Make Your Thank You Note Stand Out

Writing a thank-you note after a job interview gives you another opportunity to make a good impression on a prospective employer. Make it count. Here are points to cover on the road to making that prospective employer your new boss.
Thank you note job

Email or handwritten note?

A handwritten note used to be the standard, but the digital age has made an email thank you acceptable and often preferred. “I’ve quickly learned that a handwritten note is not the best way to do it,” one hiring manager says. “Email is probably the best in a business environment. It takes me forever to get something sent snail mail. I may have already decided who is going to get the job by the time I get the note. I think it’s OK to send an email thank you. It’s a quicker way to remind the interviewer you’re interested.”

If you interviewed with more than one person at the company, send each one a separate thank you—no cutting and pasting, says Toby Haberkorn, an executive search consultant and co-author of "Best Job Search Tips For Age 60-Plus: A Practical Work Options Resource For Baby Boomers." “People sometimes pass these emails around,” Haberkorn says.

And don’t delay: send your thank-you email within 24 hours.

Show appreciation

Thank the interviewers for their time and for sharing the responsibilities, expectations and challenges of the position, says career coach Sherri Thomas, author of "The Bounce Back" and "Career Smart." 

If the interview was an informational session, show extra appreciation. “It could be a link to a case study, special report, website, conference or training event that you think could help them in their job,” Thomas says. “It may also be an offer to introduce them to someone influential in your own network. I just received a thank-you note that included a $25 gift card link to Starbucks.”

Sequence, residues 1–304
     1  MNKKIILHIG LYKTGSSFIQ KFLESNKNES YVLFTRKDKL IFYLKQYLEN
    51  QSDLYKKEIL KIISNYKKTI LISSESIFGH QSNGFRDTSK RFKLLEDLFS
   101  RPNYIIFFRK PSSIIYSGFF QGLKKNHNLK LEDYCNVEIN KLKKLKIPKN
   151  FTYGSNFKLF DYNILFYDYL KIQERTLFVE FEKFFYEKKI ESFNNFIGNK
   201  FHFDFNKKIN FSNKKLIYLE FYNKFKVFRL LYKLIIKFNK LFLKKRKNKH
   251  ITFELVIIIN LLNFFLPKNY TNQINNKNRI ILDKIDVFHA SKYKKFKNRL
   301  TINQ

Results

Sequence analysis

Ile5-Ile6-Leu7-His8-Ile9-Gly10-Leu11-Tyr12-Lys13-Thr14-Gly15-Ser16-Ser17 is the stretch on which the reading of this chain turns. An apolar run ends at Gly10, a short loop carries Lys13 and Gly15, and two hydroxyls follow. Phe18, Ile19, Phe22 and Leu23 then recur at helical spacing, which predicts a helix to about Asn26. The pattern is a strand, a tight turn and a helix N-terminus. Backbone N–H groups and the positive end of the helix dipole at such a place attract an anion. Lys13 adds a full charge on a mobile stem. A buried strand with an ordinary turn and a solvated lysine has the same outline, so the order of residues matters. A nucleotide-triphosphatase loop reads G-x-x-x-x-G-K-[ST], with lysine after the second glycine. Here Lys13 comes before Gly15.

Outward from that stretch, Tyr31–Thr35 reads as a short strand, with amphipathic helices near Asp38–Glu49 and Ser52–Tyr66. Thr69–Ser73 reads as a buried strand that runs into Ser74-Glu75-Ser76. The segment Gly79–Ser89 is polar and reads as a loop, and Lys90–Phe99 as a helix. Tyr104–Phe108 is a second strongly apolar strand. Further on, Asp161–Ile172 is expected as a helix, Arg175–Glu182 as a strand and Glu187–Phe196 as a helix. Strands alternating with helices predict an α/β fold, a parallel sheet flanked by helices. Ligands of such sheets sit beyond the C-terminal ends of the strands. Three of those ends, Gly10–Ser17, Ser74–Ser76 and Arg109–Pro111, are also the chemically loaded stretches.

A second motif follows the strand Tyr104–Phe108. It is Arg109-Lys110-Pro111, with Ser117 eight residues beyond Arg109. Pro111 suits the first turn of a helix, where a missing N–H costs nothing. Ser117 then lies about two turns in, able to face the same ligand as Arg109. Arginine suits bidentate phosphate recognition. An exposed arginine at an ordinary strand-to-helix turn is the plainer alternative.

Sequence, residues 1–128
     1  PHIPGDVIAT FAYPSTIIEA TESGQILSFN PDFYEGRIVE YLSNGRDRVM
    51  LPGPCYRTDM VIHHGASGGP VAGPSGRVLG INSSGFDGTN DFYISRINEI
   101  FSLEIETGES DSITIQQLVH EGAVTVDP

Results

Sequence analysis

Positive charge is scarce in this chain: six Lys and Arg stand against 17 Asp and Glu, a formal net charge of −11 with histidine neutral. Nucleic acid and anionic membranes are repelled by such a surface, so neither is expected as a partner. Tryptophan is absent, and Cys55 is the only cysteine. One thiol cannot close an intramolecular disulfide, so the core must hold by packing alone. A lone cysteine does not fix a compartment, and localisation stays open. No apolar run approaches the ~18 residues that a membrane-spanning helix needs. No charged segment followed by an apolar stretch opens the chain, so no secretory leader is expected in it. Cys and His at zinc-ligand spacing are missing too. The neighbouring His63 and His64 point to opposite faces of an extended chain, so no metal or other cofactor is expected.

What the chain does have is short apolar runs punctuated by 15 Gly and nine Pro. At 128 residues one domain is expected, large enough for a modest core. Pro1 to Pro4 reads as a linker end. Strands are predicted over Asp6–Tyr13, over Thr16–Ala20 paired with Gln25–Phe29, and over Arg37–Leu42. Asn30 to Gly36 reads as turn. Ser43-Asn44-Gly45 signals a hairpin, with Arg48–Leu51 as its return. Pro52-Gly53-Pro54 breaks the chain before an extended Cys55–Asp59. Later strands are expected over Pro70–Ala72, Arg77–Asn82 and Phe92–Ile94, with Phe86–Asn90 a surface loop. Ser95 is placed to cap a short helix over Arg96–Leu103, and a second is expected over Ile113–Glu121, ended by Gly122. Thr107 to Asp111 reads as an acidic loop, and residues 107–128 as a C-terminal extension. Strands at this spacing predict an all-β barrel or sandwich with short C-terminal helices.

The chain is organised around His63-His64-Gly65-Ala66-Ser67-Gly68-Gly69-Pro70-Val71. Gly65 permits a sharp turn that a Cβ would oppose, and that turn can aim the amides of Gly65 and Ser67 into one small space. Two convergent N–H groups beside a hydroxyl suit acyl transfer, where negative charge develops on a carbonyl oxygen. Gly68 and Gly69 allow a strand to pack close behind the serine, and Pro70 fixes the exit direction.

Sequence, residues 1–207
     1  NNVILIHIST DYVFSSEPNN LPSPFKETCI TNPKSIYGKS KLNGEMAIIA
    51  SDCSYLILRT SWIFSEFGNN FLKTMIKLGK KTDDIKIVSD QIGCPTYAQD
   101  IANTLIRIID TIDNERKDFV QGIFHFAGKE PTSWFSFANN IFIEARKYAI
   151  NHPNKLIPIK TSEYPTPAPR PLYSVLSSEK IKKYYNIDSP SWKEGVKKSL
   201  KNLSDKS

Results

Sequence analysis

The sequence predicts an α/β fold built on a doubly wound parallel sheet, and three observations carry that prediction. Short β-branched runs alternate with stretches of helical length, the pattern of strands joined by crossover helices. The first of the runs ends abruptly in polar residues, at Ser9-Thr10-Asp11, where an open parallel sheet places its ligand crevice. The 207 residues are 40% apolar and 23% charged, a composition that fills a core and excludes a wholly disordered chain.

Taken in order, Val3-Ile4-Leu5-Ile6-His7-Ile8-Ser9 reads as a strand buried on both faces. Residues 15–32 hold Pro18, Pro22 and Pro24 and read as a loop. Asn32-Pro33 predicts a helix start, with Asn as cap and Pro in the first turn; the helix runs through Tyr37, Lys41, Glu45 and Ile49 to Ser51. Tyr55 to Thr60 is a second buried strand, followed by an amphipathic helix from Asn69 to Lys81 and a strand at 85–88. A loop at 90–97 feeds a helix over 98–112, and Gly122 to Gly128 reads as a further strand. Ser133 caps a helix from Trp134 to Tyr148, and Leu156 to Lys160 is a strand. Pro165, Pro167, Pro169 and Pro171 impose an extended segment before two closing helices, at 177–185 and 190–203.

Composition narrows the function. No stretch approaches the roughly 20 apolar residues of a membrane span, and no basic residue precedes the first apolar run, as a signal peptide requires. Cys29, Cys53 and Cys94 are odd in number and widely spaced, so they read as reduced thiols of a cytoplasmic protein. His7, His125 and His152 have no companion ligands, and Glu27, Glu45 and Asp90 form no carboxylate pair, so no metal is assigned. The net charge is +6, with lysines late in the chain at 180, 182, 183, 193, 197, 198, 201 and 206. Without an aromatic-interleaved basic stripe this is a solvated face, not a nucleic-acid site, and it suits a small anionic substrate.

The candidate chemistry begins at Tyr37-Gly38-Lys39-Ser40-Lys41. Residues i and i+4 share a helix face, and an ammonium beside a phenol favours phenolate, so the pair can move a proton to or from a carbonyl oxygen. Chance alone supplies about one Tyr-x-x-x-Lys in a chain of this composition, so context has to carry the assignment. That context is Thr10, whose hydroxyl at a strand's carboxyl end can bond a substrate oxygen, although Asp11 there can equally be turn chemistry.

Show you paid attention

Show you were paying attention by summarizing major points of the interview. You can also reference something you and the interviewer discussed—whether it was a particular issue related to the job or the interviewer’s plans to see a football game that weekend, one hiring manager says.

Show passion

Express passion for both the job and the organization. "I've talked to hundreds of CEOs and hiring managers and asked the question, ‘Is there something someone could say during a job interview that would make you want to hire her?’ The answer is always, ‘Be passionate about the job and be passionate about the company.’"

Prove you’re excited and ready to hit the ground running, help the team and excel, Thomas says. List three or four bullet points of key projects, programs and tasks you'll be owning and driving. Or, outline how you'll gather information from team members to inform yourself, notes another hiring manager.

Showcase your strengths

Remind the interviewer of your strengths. Even though you did this during the interview, the interviewer has many candidates to keep straight. “Say something like, ‘Through my seven-year career as a project manager in the healthcare industry, I have a proven track record of being an innovative problem solver and inspiring team leader' and then list three or four bullet points of your major career successes,” Thomas says.

Neutralize your weaknesses

If you got home and thought, ‘I wish I had answered that question better or remembered to tell the interviewer about a key point,’ the thank you note is your chance to improve or correct the record.. “Sometimes you’re so nervous during an interview that you don’t represent your best self,” Haberkorn says. You could write: “In response to your question about X, here are projects I’ve worked on that definitely relate to that part of our discussion.”

Close with a call to action

In the final paragraph, restate your enthusiasm, and let the interviewer know you’re excited about the possibility of working with him and the company. Show you’ve bought into the company’s mission. One prospect sealed the deal by referencing something discussed in the interview and saying ‘I’d like to be on the podium with you talking about our success.’

Encourage the interviewer to contact you if she has more questions or needs more information. Make it easy to do so. Even though you already sent your resume with contact information, provide that information again.

Just by writing a thank-you note, period, you’ll stand out above the crowd. Out of 200 people who applied for one job, 10 got phone interviews and six got in-person sessions. Four got second interviews and reference calls.

“Of the four, I was the only one who sent a thank-you note to all involved. It proved to tilt the balance in my favor.” So says the man who got the job.


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